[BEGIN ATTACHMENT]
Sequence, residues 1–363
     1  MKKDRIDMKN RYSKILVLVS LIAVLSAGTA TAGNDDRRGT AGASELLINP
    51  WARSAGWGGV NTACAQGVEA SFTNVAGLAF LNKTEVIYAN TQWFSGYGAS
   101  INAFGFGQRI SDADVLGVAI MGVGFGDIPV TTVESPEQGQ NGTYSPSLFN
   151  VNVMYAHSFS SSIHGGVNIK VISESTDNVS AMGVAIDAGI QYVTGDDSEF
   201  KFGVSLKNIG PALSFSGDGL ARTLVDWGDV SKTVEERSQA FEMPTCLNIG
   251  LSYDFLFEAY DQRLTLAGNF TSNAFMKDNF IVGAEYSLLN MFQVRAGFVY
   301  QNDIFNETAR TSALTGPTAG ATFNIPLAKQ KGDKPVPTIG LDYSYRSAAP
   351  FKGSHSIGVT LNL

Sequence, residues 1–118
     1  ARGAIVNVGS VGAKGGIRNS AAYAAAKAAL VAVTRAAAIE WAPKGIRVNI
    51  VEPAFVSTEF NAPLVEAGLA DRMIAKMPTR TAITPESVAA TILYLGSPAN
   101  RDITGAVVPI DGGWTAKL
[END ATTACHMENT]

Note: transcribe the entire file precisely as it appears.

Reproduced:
Sequence, residues 1–363
     1  MKKDRIDMKN RYSKILVLVS LIAVLSAGTA TAGNDDRRGT AGASELLINP
    51  WARSAGWGGV NTACAQGVEA SFTNVAGLAF LNKTEVIYAN TQWFSGYGAS
   101  INAFGFGQRI SDADVLGVAI MGVGFGDIPV TTVESPEQGQ NGTYSPSLFN
   151  VNVMYAHSFS SSIHGGVNIK VISESTDNVS AMGVAIDAGI QYVTGDDSEF
   201  KFGVSLKNIG PALSFSGDGL ARTLVDWGDV SKTVEERSQA FEMPTCLNIG
   251  LSYDFLFEAY DQRLTLAGNF TSNAFMKDNF IVGAEYSLLN MFQVRAGFVY
   301  QNDIFNETAR TSALTGPTAG ATFNIPLAKQ KGDKPVPTIG LDYSYRSAAP
   351  FKGSHSIGVT LNL

Sequence, residues 1–118
     1  ARGAIVNVGS VGAKGGIRNS AAYAAAKAAL VAVTRAAAIE WAPKGIRVNI
    51  VEPAFVSTEF NAPLVEAGLA DRMIAKMPTR TAITPESVAA TILYLGSPAN
   101  RDITGAVVPI DGGWTAKL